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Welcome back to the ISODP Journal Watch, April 2023 Edition!

This edition has an emphasis on ethical issues and how to improve a systems response to the needs of diverse populations. Two articles on ethical controversies surrounding interpretation of the dead donor rule, an evaluation of the rights of indigenous people in the changes of a consent model, and a review of socio-cultural factors that influence pediatric donation consent rates. Other topics covered include a review of quality improvement indicators in donation and a retrospective review of adverse events during pediatric apnea testing.

As always this set of articles represents a small sample of the breadth of exciting work going on in the field of donation science and ethics research. The included articles were generated from teams working in North America, the UK, and China, and of course the excellent reviews include work gathered from across the world. Together the international donation research community continues to generate knowledge and analyses that will help us all create better systems to honor the wishes of those who wish to donate.

Thanks as always to Amina Silva for keeping us organized and to Stephanie Larivière for her work formatting and distributing the Journal Watch.

Looking forward to the next edition in June,

Sonny Dhanani
(Associate Director, CDTRP and Chair of the Canadian Donation Physician Network)

Matthew Weiss
(Medical Director - Organ Donation at Transplant Québec and National Lead of the LEADDR Research Program, CDTRP)

Does Controlled Donation after Circulatory Death Violate the Dead Donor Rule?

Nielsen Busch and Mjaaland
The American Journal of Bioethics, February 2023 
Corresponding author: Emil J. Nielsen Busch -

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Pragmatic Aspects of Controlled Donation after Circulatory Death and Ethical Considerations for Alternative Approaches

Morrissey, P.
The American Journal of Bioethics, February 2023 
Corresponding author: Paul Morrissey -

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These related articles, both from a recent issue of The American Journal of Bioethics, represent two provocative ethical analyses of the dead donor rule (DDR) in relation to controlled donation after circulatory determination of death (cDCD). Busch and Mjaaland argue cDCD of abdominal organs does not violate the DDR. Quoting from Robertson’s 1989 original formulation of the DDR, the authors claim that the DDR requires only that organ recovery not cause the death of the patient. This claim is not how many clinicians and ethicists currently understand the DDR, which is generally cited as requiring the patient to be determined dead prior to organ recovery. They then explore the implications of this distinction in the practice of abdominal normothermic regional perfusion. In his article, Morrissey restates his position from 2012 that recovery of kidneys before even the withdrawal of life-sustaining therapy would not be the proximate cause of death and therefore would not violate the DDR.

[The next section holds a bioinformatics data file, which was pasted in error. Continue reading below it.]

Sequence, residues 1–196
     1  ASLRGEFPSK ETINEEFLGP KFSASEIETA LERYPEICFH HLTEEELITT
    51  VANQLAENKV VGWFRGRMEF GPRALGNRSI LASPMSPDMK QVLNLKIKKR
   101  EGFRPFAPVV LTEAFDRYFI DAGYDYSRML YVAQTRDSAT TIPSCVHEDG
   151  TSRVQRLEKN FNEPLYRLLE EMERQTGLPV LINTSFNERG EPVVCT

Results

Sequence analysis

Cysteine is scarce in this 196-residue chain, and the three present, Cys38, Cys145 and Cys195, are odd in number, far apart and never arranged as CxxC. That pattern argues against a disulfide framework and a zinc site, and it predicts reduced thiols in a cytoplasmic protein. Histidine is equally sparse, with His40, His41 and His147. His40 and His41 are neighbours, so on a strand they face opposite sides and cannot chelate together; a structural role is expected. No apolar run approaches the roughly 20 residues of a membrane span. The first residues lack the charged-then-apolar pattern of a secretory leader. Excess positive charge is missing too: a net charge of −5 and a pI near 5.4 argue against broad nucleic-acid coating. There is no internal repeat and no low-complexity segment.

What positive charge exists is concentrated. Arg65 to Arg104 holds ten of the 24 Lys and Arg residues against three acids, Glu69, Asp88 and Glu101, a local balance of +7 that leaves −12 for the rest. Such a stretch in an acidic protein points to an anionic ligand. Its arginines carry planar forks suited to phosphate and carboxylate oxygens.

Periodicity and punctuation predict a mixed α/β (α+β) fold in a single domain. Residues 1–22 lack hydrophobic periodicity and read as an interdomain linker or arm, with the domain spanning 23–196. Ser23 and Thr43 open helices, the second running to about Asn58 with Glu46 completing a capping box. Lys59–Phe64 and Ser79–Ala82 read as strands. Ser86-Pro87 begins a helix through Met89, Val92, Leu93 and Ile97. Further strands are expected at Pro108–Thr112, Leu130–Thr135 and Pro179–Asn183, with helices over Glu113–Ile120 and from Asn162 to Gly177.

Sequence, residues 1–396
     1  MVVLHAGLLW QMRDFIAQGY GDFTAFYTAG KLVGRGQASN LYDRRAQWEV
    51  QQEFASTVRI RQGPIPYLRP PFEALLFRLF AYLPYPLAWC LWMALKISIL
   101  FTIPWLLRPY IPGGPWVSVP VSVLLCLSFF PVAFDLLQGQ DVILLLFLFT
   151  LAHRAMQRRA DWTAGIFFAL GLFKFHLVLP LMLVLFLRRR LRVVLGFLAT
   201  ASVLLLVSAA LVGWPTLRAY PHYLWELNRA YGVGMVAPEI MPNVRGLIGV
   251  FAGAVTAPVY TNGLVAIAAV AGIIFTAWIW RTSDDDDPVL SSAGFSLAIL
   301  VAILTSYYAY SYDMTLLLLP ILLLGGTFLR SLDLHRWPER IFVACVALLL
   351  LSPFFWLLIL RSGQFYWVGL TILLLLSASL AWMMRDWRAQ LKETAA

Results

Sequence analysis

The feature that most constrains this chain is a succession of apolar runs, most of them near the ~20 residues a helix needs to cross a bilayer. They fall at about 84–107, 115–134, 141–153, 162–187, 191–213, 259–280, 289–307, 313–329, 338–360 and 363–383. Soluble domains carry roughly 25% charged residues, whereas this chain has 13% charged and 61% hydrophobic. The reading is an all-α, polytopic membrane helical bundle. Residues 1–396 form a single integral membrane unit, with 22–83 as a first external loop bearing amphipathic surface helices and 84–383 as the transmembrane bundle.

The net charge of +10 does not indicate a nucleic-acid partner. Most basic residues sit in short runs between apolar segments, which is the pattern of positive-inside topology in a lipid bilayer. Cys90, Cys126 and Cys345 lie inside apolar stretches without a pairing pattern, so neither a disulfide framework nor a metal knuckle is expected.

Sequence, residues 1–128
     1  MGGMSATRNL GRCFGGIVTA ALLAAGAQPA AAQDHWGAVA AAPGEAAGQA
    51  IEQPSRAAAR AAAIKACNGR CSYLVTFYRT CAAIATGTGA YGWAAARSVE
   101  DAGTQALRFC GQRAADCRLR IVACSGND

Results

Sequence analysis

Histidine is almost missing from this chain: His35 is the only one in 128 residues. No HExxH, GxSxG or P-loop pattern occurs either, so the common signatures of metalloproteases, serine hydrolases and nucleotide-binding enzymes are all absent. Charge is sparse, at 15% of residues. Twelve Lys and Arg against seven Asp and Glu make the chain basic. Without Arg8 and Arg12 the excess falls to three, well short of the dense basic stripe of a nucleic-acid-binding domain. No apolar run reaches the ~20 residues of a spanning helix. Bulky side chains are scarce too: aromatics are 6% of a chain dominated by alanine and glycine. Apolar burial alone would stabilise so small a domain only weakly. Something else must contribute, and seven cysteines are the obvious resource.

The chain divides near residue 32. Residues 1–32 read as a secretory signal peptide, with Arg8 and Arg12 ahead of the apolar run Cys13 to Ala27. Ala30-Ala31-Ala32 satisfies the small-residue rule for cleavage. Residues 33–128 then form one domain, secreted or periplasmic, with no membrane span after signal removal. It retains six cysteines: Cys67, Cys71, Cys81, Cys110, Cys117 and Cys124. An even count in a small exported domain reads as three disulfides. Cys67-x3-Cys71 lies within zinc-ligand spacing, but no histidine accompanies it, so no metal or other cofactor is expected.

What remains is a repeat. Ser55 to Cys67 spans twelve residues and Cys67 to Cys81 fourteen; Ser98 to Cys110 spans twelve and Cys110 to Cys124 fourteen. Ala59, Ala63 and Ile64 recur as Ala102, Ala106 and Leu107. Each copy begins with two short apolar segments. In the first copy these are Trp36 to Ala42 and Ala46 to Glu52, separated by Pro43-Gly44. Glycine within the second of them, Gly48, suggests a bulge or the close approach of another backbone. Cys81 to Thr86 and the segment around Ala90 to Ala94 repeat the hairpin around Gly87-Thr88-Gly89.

While neither of these articles represents the mainstream of ethical thought around the DDR, it is important for donation system experts to think about the implications of these arguments for their own programs in the context of the laws and societal norms of their region. The DDR has been and will be a cornerstone principle of ethical donation systems, but that does not mean that interpretation of aspects of the DDR is not up for some debate.

The rights and interests of First Nations, Métis, and Inuit in debates over deemed consent legislation for deceased organ donation in Canada: calls to action

Tait, C.
The Lancet Regional Health - Americas, February 2023
Corresponding author: Caroline Tait -  

This article, published in The Lancet Regional Health – Americas, examines the need to adapt deemed consent legislation (often referred to as presumed consent) in the Canadian province of Nova Scotia to the needs of the varied Indigenous populations living in the province. In doing this analysis Dr. Tait broadens the scope to emphasize the historic and current inequities these populations face in gaining access to any type of care, including dialysis and listing for transplantation. These multiple issues contribute to a mistrust of the Canadian healthcare system and government in general in many members of these populations which may be amplified by programs such as deemed consent. She also points out the unique legal status of Canadian First Nations, Indigenous, and Métis (FNIM) peoples who have rights accorded to them under national and international treaties. She ends with a call to action to create and fund a dedicated body that would explore the needs of FNIM within the donation and transplant system. These issues are relevant to any system navigating how to ensure that their system respects the specific concerns of the diverse populations within their jurisdiction.

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Quality improvement tools to manage deceased organ donation processes: a scoping review

Silva, A., et al.
BMJ Open, February 2023
Corresponding author: Amina Silva -